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A French citizen pleads guilty to charges of collecting military data in Russia, state media say

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MOSCOW (AP) — A French citizen arrested in Russia has pleaded guilty to criminal charges involving illegally collecting information on military issues in the country, state news agency Tass said Wednesday.

Laurent Vinatier was arrested in the Russian capital in June as tensions flared between Moscow and Paris following French President Emmanuel Macron’s comments about the possibility of deploying French troops in Ukraine.

Russian authorities accused Vinatier of failing to register as a “foreign agent” while collecting information about Russia’s “military and military-technical activities” which could be used to the detriment of the country’s security.

Under Russian law, the offense is punishable by up to five years in prison.

Vinatier is an adviser with the Centre for Humanitarian Dialogue, a Geneva-based nongovernmental organization. A judge previously ordered him to be remanded in pretrial detention until Aug. 5.

The NGO said in June it was doing “everything possible to assist our colleague Laurent,” including by helping to secure legal representation for him.

Russia’s Federal Security Service said Wednesday that during his visits to Moscow, Vinatier “established numerous contacts with representatives of the expert and scientific community,” including political scientists, sociologists, economists, military experts and government officials, the Russian Interfax news agency said.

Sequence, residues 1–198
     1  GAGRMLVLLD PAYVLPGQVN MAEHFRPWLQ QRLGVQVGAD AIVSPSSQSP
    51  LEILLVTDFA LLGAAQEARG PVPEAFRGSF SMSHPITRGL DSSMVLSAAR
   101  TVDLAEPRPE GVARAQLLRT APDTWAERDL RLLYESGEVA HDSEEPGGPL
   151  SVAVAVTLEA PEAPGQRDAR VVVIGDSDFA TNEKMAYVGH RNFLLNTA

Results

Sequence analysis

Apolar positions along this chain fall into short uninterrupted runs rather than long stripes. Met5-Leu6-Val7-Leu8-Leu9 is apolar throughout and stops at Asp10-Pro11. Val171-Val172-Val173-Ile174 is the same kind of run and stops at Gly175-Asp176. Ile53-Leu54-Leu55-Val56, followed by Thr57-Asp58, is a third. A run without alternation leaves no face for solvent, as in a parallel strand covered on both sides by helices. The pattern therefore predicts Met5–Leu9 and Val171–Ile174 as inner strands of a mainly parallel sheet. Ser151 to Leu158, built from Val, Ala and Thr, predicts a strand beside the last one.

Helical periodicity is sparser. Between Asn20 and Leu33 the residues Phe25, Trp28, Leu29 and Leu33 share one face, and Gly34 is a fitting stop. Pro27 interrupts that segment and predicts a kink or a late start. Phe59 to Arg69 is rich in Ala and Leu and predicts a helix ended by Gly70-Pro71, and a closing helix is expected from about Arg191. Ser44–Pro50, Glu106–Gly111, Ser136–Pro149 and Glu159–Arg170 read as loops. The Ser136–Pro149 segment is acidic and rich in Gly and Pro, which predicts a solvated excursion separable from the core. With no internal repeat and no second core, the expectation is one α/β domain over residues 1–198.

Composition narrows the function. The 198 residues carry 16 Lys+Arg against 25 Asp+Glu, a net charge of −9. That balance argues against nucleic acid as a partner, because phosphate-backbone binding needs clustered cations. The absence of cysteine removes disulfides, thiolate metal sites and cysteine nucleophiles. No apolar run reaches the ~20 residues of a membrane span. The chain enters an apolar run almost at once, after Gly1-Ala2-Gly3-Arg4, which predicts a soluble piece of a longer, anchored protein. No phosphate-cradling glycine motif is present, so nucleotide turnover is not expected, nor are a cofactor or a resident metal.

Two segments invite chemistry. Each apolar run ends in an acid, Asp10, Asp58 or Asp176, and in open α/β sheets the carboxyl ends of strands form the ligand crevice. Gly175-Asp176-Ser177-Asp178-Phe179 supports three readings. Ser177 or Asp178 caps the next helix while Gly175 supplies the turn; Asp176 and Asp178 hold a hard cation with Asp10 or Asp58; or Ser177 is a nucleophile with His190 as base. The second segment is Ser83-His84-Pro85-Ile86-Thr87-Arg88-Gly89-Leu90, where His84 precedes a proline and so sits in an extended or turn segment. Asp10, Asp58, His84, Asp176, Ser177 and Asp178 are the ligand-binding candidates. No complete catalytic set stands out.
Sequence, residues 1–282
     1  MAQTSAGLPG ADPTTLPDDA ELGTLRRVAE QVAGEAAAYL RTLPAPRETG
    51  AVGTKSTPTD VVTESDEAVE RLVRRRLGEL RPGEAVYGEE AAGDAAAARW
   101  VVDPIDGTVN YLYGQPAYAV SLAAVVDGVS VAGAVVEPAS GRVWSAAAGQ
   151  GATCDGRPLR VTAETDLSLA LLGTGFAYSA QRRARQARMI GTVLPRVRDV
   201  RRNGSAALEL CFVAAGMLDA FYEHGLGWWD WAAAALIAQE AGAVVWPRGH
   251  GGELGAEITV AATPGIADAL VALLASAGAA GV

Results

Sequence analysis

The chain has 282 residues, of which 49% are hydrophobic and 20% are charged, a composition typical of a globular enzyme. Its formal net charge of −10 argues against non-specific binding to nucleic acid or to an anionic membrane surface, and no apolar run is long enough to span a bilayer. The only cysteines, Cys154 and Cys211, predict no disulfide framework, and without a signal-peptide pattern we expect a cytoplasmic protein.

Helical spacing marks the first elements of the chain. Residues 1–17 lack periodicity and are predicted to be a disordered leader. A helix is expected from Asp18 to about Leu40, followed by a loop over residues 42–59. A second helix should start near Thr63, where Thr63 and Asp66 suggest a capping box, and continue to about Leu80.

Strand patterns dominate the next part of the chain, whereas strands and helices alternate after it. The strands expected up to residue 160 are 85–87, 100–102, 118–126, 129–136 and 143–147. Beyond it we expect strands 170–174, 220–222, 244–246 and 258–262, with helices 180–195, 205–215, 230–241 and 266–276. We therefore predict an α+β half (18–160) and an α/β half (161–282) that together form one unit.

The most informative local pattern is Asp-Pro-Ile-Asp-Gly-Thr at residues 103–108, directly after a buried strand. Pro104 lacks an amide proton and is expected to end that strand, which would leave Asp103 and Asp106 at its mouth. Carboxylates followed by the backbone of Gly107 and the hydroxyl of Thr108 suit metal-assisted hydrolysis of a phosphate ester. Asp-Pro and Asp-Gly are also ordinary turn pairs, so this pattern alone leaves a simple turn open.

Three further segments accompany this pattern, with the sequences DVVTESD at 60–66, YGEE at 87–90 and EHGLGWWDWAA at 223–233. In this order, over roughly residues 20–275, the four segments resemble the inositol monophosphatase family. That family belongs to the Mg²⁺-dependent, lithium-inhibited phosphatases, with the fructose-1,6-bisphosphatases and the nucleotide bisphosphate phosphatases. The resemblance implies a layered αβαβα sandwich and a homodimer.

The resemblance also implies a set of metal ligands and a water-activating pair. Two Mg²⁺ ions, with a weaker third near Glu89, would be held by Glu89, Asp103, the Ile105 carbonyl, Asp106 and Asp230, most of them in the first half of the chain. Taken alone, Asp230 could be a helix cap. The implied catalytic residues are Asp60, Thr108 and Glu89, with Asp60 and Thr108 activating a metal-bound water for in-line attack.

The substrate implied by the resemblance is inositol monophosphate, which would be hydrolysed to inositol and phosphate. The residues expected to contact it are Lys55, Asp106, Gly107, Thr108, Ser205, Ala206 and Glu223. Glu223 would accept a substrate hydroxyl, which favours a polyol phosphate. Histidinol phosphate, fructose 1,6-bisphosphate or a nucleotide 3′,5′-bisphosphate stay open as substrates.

Russia’s Investigative Committee said Wednesday that it questioned seven witnesses “with whom the accused held meetings to collect information in the field of military and military-technical activities,” Tass said.

It said authorities ordered a “linguistic forensic examination” of audio recordings of the meetings and electronics that were seized from Vinatier.

Vinatier admitted his guilt while being questioned, Tass said, citing the Investigative Committee.

The report did not explain why there were audio recordings of the meetings and said that Vinatier’s “criminal activities” were stopped by the Investigative Committee and Russia’s Federal Security Service.

The charges against Vinatier stem from a recently adopted law that requires anyone who collects information on military issues to register with authorities as a foreign agent.

Human rights activists have criticized the law and other recent legislation as part of a multi-pronged Kremlin crackdown on independent media and political activists intended to stifle criticism of its actions in Ukraine.

Arrests on charges of spying and collecting sensitive data have become increasingly frequent in Russia since it sent troops into Ukraine in February 2022.

Recent high-profile arrests include Wall Street Journal reporter Evan Gershkovich, who was arrested on espionage charges in March 2023, and U.S.-Russian journalist Alsu Kurmasheva, who was taken into custody in October 2023 on the same charges as Vinatier.

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